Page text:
John Doe

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John Doe was “born” in 1977 when he arrived in Los Angeles and began the punk band X with Exene Cervenka. Before that, he was John Nommensen Duchac from Decatur, Illinois. In 1981 the sophomore album Wild Gift established X’s place in musical history with such songs as “White Girl” and “We’re Desperate.” From 1978-1993, X released six studio albums, half a dozen singles and one live record. Since then he has released eight solo records, the latest being Keeper.

I call him one Sunday afternoon to talk about his journey through Americana as an artist and father.

Your career has evolved over three decades from punk to country to a folk singer style. Is that simply a case of evolving musically, or of getting older? I think it is just a matter of paying homage to what has influenced me along the way, reinterpreting it and making it my own. All good bands, punk or not, have roots. The Doors, Ben E. King, Leadbelly and Woody Guthrie influenced X. Once that link to the past is established, and respected, then the band can break it down and make it theirs. With X we wanted to break apart what rock had become and get back to the three-minute song. Punk energy allowed that to happen. But my last album was sort of an exploration of the 1970’s music I loved, The Rolling Stones, The Band, and Joni Mitchell.

You still tour with X. How long can you keep playing punk music? You can play punk your whole life because punk at its core means freedom. Punk is really about freedom of expression, regardless of what genre of music you are actually playing. Or another way of thinking about it is not doing what others tell you but doing the work to find out for yourself. Walt Whitman was punk.

Where are some of your favorite places to play? Barcelona, Spain sound nice. But in the U.S. I love shows in Boston, Chicago, Austin, and the entire West Coast. The West Coast shows are always great.

You have three daughters who are all grown up. Was there a time when raising kids and trying to be an artist was a challenge? I don’t remember! No, really that was a long time ago. But I have been learning lately that you need to sometimes put yourself first. The U.S. culture is so much about putting the kids first, and sometimes they are first in priority, and sometimes it is you. And sometimes it is you and your partner. Just finding a balance for everyone, not just the kids, is key.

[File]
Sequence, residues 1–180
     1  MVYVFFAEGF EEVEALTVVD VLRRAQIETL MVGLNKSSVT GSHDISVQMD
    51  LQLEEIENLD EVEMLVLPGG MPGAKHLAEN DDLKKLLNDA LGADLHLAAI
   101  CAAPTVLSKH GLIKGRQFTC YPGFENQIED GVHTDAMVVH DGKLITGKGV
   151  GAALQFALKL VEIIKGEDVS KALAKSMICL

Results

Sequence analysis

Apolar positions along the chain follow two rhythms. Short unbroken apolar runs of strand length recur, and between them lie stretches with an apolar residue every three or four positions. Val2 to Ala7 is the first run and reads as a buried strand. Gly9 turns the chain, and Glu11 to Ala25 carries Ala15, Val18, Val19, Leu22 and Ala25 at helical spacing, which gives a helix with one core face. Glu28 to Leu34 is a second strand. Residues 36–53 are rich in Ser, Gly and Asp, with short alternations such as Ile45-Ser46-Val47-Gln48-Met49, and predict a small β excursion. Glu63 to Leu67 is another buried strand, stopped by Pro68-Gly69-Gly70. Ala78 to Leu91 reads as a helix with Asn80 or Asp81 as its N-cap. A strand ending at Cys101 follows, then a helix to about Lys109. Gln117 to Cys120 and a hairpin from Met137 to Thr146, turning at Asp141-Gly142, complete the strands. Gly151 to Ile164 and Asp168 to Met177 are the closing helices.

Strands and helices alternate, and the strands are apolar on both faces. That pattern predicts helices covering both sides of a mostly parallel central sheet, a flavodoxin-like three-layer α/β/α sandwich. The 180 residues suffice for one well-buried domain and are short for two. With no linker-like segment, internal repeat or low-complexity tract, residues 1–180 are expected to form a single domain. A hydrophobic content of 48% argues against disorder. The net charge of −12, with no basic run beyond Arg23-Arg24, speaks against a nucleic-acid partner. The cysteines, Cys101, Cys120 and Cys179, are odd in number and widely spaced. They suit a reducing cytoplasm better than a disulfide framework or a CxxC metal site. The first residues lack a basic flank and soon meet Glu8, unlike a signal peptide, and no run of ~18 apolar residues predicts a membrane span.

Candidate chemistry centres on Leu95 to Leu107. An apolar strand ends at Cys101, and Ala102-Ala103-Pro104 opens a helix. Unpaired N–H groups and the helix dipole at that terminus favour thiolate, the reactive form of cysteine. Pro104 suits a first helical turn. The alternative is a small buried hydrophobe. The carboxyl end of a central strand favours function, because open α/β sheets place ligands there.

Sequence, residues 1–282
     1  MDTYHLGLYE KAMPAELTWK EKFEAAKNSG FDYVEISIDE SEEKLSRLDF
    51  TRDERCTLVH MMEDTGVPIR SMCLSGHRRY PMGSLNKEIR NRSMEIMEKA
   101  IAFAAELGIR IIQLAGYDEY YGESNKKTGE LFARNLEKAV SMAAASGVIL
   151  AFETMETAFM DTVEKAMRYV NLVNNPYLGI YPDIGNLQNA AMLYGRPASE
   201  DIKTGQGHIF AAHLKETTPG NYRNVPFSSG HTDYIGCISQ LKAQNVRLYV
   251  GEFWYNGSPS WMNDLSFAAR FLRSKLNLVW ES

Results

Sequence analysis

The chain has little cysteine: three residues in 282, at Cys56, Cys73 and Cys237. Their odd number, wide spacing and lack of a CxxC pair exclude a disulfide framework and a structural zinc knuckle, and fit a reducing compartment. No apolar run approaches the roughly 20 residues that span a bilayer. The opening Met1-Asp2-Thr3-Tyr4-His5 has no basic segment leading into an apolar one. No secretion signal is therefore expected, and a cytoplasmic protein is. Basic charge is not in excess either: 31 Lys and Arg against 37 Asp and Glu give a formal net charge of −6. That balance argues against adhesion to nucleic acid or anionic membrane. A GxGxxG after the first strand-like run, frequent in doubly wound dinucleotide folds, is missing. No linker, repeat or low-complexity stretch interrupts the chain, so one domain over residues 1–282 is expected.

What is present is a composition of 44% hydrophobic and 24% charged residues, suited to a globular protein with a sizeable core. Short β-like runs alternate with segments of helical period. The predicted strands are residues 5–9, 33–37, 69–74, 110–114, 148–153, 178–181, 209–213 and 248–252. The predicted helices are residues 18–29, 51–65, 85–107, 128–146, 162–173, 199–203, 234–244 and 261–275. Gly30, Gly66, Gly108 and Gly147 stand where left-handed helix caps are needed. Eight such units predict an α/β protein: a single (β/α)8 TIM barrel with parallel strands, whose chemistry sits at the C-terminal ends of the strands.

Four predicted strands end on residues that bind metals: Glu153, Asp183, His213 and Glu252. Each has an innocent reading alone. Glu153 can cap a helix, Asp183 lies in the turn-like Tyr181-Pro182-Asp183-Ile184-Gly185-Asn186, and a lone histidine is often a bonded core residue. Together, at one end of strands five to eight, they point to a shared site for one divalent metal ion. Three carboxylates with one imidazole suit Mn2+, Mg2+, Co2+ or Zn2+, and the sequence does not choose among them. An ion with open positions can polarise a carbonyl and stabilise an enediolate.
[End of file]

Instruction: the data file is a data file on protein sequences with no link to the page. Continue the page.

You have acted in dozens of films and television shows. Which is more rewarding, the acting or playing music? Music is more important because without music I wouldn’t have a career. Everything stems from music for me. But acting is very rewarding. It is nice to walk in and not be the boss, and not have to be validated by the audience. When making a film, there is no audience. Maybe stage acting is a bit like playing live music. Acting is fun because I don’t have to be the boss. I just do what someone else wants. It’s like playing rhythm guitar in a band. You are not the lead singer, just playing music. On my last album, Keeper, Don Was came and played bass for a few days. He didn’t want to produce. He just wanted to play bass.

Any future projects, either real or just dreaming about? I’ve dreamed about scoring an independent film with my producer friend Dave Way, and I would love to singing in an old fashioned Broadway musical.

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Texy by Bill Carter

THE OBSESSION ISSUE

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